When Plants Jam with Synths: Leslie Garcia’s Open Project Lets Plants Talk with Sound

Pulsu(m) Plantae _ project presentation from LessNullVoid on Vimeo. You may have seen a plant used as a musical instrument before, by measuring capacitance across the leafy life form and turning it into a touch sensor. This is something different: it’s letting the plant itself express communication through sound, using biofeedback to turn the living systems on the plant into something audible. It is a synth jam, made by a plant, that tells you something about what the plant is sensing about the world around it. From Tijuana, México, media artist and musician Leslie Garcia shares the latest iteration of …

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Insane, Starship Control Panel Controls Sound Morphing-Synth in 3D: COSMOSƒ

If I’ve said it once, I’ve said it a thousand times: manipulating sound presets should be as intuitive and powerful as regulating plasma coolant flow to the antimatter injector on a warp drive nacelle. I mean, knobs? How quaint. COSMOSƒ is a graphical morphing engine for sound, a standalone synthesizer with a wild, sci-fi interface. You can actually set up polar coordinates and navigate sounds through a sphere, in three dimensions. The sound engine is all internal, but looks like a lot of fun. (For more of this sort of thing, see the excellent, free and open source IanniX, which …

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What NI Was Teasing: Monark Minimoog-Modeling Synth, Remade Battery, in New Komplete

Native Instruments has been teasing new instrument software in recent days, and now we get to see what they were previewing: a new virtual-analog monosynth and a remade version of their drum sampler. But, hold on, before everyone yawns and leaves the building – there’s reason to pay attention to this news. First, yes, there is something notably absent in today’s announcement. While NI is making Komplete, their bundle of their extensive stable of software instruments, available for preorder, there’s still no sign of a big upgrade to Reaktor. The fact that the Monark video showed Reaktor patching may have …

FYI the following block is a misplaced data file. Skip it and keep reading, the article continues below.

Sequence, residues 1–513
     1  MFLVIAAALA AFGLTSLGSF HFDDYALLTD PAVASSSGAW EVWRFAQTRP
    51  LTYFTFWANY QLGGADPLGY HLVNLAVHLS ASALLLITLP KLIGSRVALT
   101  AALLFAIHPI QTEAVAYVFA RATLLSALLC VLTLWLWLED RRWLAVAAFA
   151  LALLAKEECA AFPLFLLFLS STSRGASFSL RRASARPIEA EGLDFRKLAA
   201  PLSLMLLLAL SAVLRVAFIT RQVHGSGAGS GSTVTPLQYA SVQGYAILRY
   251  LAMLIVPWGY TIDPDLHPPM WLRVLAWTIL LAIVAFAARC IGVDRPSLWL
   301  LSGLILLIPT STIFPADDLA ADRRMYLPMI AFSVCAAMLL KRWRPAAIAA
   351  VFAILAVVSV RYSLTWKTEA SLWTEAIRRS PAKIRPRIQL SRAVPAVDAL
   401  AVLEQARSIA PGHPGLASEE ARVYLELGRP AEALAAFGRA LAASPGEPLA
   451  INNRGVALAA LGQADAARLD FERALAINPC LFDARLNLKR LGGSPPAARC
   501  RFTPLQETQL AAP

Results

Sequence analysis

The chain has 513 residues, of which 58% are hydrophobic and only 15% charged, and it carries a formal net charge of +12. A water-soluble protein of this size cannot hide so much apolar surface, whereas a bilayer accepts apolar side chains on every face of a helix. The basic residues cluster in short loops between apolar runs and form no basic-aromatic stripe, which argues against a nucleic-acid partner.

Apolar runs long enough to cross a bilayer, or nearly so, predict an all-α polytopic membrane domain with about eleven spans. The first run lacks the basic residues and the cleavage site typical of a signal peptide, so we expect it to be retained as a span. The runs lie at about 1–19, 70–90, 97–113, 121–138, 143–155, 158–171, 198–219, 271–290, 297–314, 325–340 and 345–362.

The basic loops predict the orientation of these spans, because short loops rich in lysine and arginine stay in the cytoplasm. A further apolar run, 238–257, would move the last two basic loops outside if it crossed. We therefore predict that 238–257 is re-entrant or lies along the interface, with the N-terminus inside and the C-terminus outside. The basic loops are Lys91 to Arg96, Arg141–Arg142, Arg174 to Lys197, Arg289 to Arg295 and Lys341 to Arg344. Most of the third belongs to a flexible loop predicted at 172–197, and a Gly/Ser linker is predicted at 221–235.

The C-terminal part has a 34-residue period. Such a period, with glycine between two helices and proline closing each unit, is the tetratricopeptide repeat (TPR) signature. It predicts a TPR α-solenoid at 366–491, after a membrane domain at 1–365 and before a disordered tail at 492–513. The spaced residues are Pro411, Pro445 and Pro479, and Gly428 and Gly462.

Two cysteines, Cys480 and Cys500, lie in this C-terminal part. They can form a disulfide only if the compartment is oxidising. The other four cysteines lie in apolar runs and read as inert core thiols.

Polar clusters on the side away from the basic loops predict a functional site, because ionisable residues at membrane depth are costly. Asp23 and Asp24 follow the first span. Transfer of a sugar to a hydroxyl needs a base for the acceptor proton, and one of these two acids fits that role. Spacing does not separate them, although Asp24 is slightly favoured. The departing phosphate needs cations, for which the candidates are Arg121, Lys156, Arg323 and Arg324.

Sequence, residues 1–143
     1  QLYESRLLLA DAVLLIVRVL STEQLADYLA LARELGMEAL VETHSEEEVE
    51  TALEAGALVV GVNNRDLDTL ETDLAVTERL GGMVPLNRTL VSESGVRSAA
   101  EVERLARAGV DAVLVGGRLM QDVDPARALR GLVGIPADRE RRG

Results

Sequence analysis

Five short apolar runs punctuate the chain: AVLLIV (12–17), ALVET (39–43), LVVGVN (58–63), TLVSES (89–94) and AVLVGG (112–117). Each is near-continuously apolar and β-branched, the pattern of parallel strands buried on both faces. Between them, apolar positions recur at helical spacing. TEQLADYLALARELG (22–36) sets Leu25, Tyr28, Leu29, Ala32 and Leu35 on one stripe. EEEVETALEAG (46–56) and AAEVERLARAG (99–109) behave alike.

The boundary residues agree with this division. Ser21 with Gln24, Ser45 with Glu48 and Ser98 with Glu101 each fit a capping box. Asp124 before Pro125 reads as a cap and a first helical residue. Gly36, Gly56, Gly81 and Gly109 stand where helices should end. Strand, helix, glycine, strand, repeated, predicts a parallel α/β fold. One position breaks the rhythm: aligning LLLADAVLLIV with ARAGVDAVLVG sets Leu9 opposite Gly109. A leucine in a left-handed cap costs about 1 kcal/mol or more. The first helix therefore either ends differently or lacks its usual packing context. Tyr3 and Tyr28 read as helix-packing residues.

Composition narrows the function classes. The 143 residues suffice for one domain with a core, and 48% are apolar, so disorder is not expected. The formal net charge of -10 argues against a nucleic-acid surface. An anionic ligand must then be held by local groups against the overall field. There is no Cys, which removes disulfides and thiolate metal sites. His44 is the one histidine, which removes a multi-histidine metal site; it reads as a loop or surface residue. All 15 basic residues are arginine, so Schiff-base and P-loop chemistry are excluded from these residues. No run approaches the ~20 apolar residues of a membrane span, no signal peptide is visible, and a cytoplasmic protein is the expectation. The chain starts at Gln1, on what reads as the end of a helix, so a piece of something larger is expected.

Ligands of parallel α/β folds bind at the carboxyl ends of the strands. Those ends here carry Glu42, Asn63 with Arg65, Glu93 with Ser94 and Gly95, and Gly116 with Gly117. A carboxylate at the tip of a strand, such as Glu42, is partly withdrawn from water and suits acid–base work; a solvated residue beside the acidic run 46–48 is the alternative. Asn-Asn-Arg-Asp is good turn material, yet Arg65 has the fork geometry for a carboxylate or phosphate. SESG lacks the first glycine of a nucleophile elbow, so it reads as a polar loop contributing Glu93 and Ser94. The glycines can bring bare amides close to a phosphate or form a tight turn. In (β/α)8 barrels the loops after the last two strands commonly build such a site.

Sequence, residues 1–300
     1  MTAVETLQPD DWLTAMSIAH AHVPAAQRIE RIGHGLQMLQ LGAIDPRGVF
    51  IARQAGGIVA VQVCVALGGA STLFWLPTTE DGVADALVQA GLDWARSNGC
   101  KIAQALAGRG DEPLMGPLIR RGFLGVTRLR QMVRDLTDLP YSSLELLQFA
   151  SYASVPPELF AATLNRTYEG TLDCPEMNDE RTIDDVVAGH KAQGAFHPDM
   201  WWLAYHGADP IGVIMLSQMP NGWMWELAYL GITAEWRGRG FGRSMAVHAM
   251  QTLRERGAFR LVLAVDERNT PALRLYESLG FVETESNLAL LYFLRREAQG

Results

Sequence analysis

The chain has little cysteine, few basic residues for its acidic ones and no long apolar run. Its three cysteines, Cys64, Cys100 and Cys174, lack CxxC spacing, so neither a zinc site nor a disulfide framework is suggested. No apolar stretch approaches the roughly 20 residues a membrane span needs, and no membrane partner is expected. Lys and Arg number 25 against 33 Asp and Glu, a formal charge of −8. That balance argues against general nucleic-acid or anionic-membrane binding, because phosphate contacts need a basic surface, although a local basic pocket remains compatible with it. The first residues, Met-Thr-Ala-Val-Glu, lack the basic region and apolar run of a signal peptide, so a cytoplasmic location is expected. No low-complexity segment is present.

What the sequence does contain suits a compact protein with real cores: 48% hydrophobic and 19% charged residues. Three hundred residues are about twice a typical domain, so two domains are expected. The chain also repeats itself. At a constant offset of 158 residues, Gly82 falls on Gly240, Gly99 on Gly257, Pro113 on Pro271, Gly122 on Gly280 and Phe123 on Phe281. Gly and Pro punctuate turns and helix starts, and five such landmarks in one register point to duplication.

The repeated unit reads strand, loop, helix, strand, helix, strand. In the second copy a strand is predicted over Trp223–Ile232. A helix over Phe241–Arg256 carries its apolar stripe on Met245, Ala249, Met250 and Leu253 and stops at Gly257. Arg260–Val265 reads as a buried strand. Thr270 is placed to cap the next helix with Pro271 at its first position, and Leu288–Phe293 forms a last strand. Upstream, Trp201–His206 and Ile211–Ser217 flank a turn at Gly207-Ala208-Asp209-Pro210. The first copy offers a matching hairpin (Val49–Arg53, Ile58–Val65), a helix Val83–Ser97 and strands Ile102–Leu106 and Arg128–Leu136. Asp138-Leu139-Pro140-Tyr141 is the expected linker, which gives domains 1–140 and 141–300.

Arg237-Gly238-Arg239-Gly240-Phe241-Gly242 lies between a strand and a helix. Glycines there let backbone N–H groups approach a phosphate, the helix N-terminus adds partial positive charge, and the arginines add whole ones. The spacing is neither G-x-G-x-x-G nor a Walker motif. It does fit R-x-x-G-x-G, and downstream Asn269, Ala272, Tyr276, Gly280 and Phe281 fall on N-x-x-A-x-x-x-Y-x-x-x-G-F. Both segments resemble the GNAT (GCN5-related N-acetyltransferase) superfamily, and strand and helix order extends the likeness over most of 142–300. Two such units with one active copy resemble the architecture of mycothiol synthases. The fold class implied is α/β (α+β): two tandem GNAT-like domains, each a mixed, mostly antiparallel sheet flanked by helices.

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Discovering Analog, Visually: Meet the Oscillator, in Video Synths

Hearing synthesizers is great. But being able to hear and see – that’s another experience. And for all the renewed interest in analog modular synthesis for sound, a small but passionate scene is beginning to rekindle interest in visual analog synthesis. I find it inspiring even in how you might think about generative processes and synthesis in the software domain. And – well, it’s just a hell of a lot of fun to look at and use. In the latest example, we get to tour the basics of synthesis itself through video. If you’re new to this stuff, a promising …

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NI Teases New Synth: Video, SoundCloud Samples

Native Instruments has something new coming, revealed today in a teaser video. And as you’ll see, it’s something new that isn’t a DJ app for iPad. I expect you’ll even see some speculation about it online. I can’t speculate about it, as … I’ve seen it. So you can instead expect full coverage once this becomes public. I did clear with NI the ability to say what it isn’t, just in case this video is unclear. This does not involve hardware. It’s a new software instrument. Beyond that, I’ll leave you to watch the video, which I must say includes …

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Music Videos from NYC's Aurora Halal: Do Video Synths Dream of Electric Sheep?